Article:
Arguing For Transit Funding, Nashville Mayor Calls Out ‘Myths’ | Nashville Public Radio

Arguing For Transit Funding, Nashville Mayor Calls Out ‘Myths’

Nov 20, 2017

As Nashville Mayor Megan Barry argues in favor of a tax increase to fund mass transit, she’s now taken a shot at critics of her plan. In a talk Monday to the Rotary Club of Nashville, the mayor called out what she considers three myths being pushed by opponents to her plan.

As her foil, the mayor referred to “cynical blog posts” that she says are spreading misconceptions.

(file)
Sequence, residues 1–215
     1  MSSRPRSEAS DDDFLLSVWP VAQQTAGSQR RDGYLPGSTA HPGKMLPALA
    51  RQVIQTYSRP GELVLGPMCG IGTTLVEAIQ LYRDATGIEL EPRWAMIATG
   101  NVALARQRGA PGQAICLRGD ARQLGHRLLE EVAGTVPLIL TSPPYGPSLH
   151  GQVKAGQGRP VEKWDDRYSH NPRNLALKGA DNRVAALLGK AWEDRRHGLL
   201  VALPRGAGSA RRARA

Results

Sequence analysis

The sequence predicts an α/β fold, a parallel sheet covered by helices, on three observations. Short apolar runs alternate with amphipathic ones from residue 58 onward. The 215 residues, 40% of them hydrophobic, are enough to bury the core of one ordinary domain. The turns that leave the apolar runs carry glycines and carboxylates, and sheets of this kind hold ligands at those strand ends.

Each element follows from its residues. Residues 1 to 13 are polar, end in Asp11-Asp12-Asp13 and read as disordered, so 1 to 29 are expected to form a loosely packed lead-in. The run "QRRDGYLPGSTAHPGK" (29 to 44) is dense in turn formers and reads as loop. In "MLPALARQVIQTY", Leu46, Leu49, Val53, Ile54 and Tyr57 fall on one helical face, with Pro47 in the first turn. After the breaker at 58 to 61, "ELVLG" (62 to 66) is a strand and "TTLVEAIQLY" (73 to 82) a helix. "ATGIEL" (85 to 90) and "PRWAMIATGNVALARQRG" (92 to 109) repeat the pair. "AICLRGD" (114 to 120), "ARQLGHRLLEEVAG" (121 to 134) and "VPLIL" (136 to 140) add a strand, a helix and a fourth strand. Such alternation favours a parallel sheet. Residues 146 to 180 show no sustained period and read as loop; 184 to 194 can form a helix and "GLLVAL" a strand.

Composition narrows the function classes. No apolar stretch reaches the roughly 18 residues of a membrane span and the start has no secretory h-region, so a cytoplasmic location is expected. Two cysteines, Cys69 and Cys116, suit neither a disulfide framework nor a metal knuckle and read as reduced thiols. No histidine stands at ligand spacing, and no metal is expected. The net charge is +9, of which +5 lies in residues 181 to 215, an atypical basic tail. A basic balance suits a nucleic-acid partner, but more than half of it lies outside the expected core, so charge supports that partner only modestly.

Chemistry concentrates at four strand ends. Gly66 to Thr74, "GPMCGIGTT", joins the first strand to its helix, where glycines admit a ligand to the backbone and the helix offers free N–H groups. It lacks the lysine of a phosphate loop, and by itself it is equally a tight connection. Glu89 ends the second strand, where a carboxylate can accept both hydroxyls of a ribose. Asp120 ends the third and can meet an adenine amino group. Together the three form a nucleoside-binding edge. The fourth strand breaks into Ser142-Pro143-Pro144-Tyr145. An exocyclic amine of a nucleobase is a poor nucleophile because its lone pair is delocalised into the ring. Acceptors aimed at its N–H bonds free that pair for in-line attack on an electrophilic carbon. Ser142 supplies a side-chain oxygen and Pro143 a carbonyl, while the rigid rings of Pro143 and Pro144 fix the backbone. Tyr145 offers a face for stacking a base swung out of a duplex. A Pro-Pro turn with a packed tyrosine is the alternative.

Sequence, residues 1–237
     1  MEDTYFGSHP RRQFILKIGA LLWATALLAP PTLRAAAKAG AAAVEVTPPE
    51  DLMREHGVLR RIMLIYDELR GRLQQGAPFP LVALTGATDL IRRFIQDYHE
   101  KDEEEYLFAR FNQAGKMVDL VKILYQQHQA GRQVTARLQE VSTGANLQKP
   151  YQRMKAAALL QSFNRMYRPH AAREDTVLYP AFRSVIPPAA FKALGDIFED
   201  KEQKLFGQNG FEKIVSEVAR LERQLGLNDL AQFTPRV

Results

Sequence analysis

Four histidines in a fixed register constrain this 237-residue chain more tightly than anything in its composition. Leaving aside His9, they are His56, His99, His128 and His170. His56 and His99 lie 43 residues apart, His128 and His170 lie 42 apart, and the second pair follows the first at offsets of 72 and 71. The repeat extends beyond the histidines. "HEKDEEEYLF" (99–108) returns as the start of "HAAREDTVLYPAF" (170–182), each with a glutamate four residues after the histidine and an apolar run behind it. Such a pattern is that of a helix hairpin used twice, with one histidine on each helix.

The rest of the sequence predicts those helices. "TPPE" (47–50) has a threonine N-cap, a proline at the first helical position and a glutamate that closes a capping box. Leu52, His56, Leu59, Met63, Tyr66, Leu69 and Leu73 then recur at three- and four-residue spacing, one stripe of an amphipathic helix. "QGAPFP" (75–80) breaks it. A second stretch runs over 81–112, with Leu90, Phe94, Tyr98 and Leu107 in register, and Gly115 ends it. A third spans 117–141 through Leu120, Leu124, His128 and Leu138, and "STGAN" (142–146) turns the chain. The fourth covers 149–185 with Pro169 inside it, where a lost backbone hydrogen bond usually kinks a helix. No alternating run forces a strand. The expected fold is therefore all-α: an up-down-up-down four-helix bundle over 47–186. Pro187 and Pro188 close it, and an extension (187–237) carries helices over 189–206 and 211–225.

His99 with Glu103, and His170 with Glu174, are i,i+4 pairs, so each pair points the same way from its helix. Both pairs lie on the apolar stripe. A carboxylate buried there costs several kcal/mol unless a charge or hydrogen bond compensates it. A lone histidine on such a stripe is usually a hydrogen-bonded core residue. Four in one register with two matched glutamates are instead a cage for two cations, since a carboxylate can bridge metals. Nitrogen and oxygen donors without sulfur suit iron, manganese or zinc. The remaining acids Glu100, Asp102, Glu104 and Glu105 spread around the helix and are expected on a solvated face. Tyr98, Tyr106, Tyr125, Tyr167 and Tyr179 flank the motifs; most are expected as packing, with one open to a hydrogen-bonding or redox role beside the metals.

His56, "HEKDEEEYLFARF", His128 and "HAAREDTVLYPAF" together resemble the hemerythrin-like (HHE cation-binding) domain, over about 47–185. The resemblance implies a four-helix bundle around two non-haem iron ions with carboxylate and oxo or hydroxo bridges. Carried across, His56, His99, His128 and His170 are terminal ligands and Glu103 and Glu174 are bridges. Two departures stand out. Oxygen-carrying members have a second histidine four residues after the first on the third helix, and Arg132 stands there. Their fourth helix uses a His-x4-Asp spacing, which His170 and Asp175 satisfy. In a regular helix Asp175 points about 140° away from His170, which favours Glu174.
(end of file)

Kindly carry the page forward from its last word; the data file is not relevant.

Among them, she says: the idea that transit ridership has been falling; that Nashville isn’t dense enough for light rail; and that autonomous vehicles could solve traffic problems.

She batted at each of those with a whirl of statistics. And she said that what unifies those critiques is a faulty belief that congestion could lessen over time, even if Metro doesn’t do anything.

“We’re not going to leave our future and the future of our city to chance. We have to create this change and we have to attack it head on,” she said. “Traffic isn’t going sort itself out.”

Alongside the soaring language and stats, the mayor also threw some elbows — saying critics are “disingenuous” and in denial about how a city can act to change traffic conditions.

It’s all part of a case that she wants to make to voters before a likely referendum in May.